Micro-nutrient malnutrition has become a global problem of immense proportions (ACC/SCN, 1992). Deficiency of iron, vitamin A and iodine is associated with increased mortality rates amongst most poor women, infants and children. It has been suggested that vitamin A status of pregnant women can affect vitamin A source in the liver of the foetus (Underwood, 1994).
The likelihood of a normal labour is better in women brought up in good circumstances, who have eaten a satisfactory diet from birth to maturity (FAO\ WHO, 1994), received good medical care, and continue to have these advantages during pregnancy than those women of the poorer socio-economic classes (Davidson et al., 1990). Hence poor maternal nutrition, before and during pregnancy, is a major cause of poor pregnancy outcomes especially in developing countries (WHO, 1995; Kramer, 2003). Micronutrient deficiency during pregnancy contributes to poor maternal weight gain which affects the birth weight of babies. Weight gain during pregnancy is widely used as an indicator of the adequacy of nutrition during pregnancy and has been associated with infant outcome such as mortality, prematurity and low birth weight (WHO, 1995; Caulifield et al., 1998).
Poor nutrition and inadequate micronutrient's intake during pregnancy often begin in uterus and extend throughout the life cycle (Schroll et al., 1997). Under nutrition manifests in decreased maternal height (stunting), and below normal maternal pregnancy weight and pregnancy weight gain (Prentice et al., 2001). Infants born with low birth weight (IBW) suffer extremely low weight, morbidity and mortality from infectious and diseases and are underweight, stunted or wasted beginning in the neonatal period and through childhood (ACC/SCN 2000). Infants weighing 2.0-25kg at birth are more likely to die during their first 28 days of life than infants who weigh 2.5-3.0kg and 3.0-3.5kg at birth (Gulmezo in et al., 1997). Death of infants, especially among Nigerians who highly value children, goes with numerous psychological challenges such as depression, guilt, spouse abuse and divorce (Uwaoma et al, 2011).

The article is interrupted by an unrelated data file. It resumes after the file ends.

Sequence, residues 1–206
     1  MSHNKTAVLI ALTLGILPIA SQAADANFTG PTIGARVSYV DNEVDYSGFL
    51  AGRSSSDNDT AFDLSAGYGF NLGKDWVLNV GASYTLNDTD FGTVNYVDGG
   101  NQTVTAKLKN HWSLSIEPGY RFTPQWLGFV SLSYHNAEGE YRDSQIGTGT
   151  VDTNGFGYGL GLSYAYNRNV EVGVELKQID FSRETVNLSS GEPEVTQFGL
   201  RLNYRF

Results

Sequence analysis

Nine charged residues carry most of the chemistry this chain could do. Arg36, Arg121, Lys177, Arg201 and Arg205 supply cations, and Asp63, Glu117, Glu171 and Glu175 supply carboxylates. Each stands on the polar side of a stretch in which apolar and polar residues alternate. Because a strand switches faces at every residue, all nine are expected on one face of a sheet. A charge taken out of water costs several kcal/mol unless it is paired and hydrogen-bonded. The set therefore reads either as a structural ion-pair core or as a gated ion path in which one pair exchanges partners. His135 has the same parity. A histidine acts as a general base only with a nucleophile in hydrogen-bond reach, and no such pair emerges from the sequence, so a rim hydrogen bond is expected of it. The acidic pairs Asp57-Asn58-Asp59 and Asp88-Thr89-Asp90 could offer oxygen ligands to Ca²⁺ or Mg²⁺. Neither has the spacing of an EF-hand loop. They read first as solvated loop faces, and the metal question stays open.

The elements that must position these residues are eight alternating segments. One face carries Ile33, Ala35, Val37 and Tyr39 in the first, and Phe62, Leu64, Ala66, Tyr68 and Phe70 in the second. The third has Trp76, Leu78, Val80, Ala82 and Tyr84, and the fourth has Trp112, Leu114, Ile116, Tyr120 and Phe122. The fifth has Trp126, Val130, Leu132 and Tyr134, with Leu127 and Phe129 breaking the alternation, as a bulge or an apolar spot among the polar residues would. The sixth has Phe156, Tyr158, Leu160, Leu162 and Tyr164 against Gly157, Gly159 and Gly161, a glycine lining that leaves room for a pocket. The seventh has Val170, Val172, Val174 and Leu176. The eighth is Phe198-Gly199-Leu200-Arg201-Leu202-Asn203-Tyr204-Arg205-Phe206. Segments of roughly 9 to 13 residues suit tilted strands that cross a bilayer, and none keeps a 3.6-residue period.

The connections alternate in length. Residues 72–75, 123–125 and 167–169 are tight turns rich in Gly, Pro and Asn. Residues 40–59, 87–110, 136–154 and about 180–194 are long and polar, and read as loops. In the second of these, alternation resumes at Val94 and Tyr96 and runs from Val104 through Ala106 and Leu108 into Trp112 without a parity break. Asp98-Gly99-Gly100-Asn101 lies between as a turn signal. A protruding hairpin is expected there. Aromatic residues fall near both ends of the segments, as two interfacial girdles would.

Low birth weight is associated with impaired immune function, poor cognitive development and risk of developing acute diarrhea or pneumonia (Baker and Osmond, 1986). It is postulated that almost half of infant deaths from pneumonia and diarrhea could have been prevented if low birth weights as a result of low nutrient status of their mothers were eliminated (Baker and Osmond, 1986). Infants born with LBW face an increased risk of chronic diseases including high blood pressure, non insulin dependent diabetes mellitus, coronary heart diseases and stroke in adulthood. Again these diseases are killers among rural and poor folks in developing nations and often create opportunities for allied illnesses among children, infants, and adults.
Maternal under-nutrition is widely recognized as a major public health issue in the developing world and it is estimated that between 10% and 19% of women in many countries of the developing world are undernourished with a Body Mass Index (BMI) of less than 18.5 (Black et al., 2008). Studies in Dietary intake and micronutrient s tatus s how that maternal micronutrient deficiency in iron, vitamin A, zinc and vitamin B12, iodine and folate are widespread and have a negative impact on pregnancy outcome (Sunawarg et al., 2009). Thus, it is established that micronutrient deficiency plays a major role in increasing morbidity and mortality (Bhutta et al., 2008). Poor cognitive development, marasmus, poor psychomotor development, growth retardation and inadequate nutritional balance are some of the adverse consequences of low pregnant mothers' micronutrients status (Afam-Anene, 2008).
Micronutrients have important influences on health of pregnant women and the growing fetus (Allen, 1997). Iron deficiency results in anemia which may increase the risk of death from hemorrhage during delivery. …